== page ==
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August 2005
Richard Forrester, President           Rob Monroe, Editor       
8008 Spottswood Road                   2416 Edenbrook Dr.       
Richmond, VA 23229                     Richmond, VA 23228-3040          

August 2005 PROGRAM Lt. Gen. Josiah Bunting, III "Gen. Ulysses S. Grant" 8:00 p.m., Tuesday, Sugust 9, 2005, at the Boulevard United Methodist Church, 321 N. Boulevard, Richmond, VA (corner of Boulevard and Stuart Ave.) Please note: This month's meeting will be held in the sanctuary. General Josiah Bunting is a 1963 graduate of Virginia Military Institute where he became Regimental Commander and First Captain of the Corps, was a member of the Honor Court and captain of the swimming team. An English major, he graduated third in his class and was awarded a Rhodes Scholarship. After receiving a B.A. and M.A. from Oxford, where he was President of the American Students Association, he entered the United States Army in 1966. During six years of service, he reached the rank of Major, with duty stations at Fort Bragg, NC; Vietnam (Ninth Infantry Division); and West Point, NY where he was an assistant professor of history and social sciences at the United States Military Academy. His military citations include the Bronze Star with two Oak Leaf Clusters, Army Commendation Medal, Vietnam Honor Medal - 2nd class, Presidential Unit Citation, Parachute Badge, Combat Infantry Badge, and Ranger Tab. Bunting spent a year at the U.S. Naval War College in Newport, RI before being named President at Briarcliff College (NY). He later became President of Hampden-Sydney College, then headmaster of the Lawrenceville School (NJ). He has been president of Phi Beta Kappa at William and Mary and was appointed Superintendent of VMI in 1995. Early in his tenure he was charged by the Institute's governing board to implement the ruling of the United States Supreme Court, to oversee preparations for the enrollment of female cadets. He was promoted to Lieutenant General, in 2002. A sought-after lecturer who holds honorary degrees from several colleges, Gen. Bunting is a member of numerous honor societies and fraternities and has been a trustee of many educational institutions and entities.
Summary of July Meeting
Richard McMurry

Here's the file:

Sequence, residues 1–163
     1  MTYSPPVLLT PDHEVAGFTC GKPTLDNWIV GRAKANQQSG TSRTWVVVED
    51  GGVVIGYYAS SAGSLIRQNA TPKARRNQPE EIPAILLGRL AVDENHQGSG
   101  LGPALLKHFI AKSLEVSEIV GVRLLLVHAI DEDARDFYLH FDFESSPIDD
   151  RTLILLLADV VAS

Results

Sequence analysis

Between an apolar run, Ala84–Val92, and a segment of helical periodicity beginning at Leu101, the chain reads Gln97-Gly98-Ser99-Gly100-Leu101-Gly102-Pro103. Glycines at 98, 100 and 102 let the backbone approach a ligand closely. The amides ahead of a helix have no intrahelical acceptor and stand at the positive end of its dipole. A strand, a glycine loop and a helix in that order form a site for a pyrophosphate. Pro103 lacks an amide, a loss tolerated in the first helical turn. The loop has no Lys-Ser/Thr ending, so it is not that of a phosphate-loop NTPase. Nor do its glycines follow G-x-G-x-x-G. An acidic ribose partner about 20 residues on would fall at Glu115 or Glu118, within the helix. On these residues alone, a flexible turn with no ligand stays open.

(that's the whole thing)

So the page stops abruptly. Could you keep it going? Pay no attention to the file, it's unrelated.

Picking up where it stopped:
At the July meeting of the Richmond Civil War Round Table, Richard McMurry spoke to members on the oft-overlooked importance of the war's Western Theater. It's easy -- particularly for those of us living in Virginia -- to focus almost exclusively on the war in the East. "Expand your horizons," urged McMurry. He challenged RCWRT members to "undergo a paradigm shift" and "see things in a different light." Looking at the war in Virginia can be misleading, McMurry said. He countered with what he referred to as the "Western paradigm." McMurry confessed to being a voracious reader. After decades of pouring over the works of countless historians, McMurry said he has "collected" 83 reasons for why the Confederacy lost the war. Each is singularly true in and of itself, McMurry noted, but none gives a full account for why the South fell. The real reason the Confederacy lost the war, McMurry asserted, was because it did not win enough battles. The simplicity of the statement drew laughter throughout the room and no one grinned more broadly than McMurry himself. While factors such as the Union blockade and the failure to be officially recognized by England and France were great impediments to the Confederacy, McMurry explained, it was defeat on the battlefield alone that doomed the Southern nation. You'd never know this by studying only the Virginia paradigm, he said. The Union won battle after battle in the West despite often being outnumbered, noted McMurry, a direct result of the decisions of poor Confederate commanders. With A.S. Johnston's untimely death at Shiloh, Jefferson Davis lost the only general in the Western Theater he would ever trust. McMurry contended that the war's most decisive battle was not fought on the fields of Gettysburg, but rather at Champion Hill, Mississippi. This was the best chance the rebels had at stopping Grant, McMurry explained. A more competent Confederate general could have trapped the Union commander and forced his surrender. Still, the turning point of the war wasn't military, McMurry asserted. At the outbreak of war, the state of Kentucky had strong ties to both the North and South. The Bluegrass State was the birthplace of both Lincoln and Davis. In 1861, Leonidas Polk was sent by Davis to oversee the Confederate troops at Memphis until A.S. Johnston returned from California. But before Johnston arrived, Gideon Pillow convinced Polk to march on Columbus, Kentucky. The move was a direct violation of the state's neutrality. Meanwhile Lincoln used great political skill to keep Kentucky. McMurry asserted that the Confederacy simply could not win the war without Kentucky. Across the state line in Cairo (pronounced "Kay-ro"), Illinois, Sherman correctly predicted that whoever controlled that junction of the Ohio and the Mississippi rivers would win the war. While the Shenandoah Valley has long been known as the "Breadbasket of the Confederacy," Western farms provided a vast food supply to the South. Responding to a RCWRT member's question, McMurry acknowledged that part of the reason the importance of the West has been overlooked is that so few soldiers kept diaries. One explanation for this is the fact that the illiteracy rate was higher in the newer western states that did not have the benefit of well-established school systems.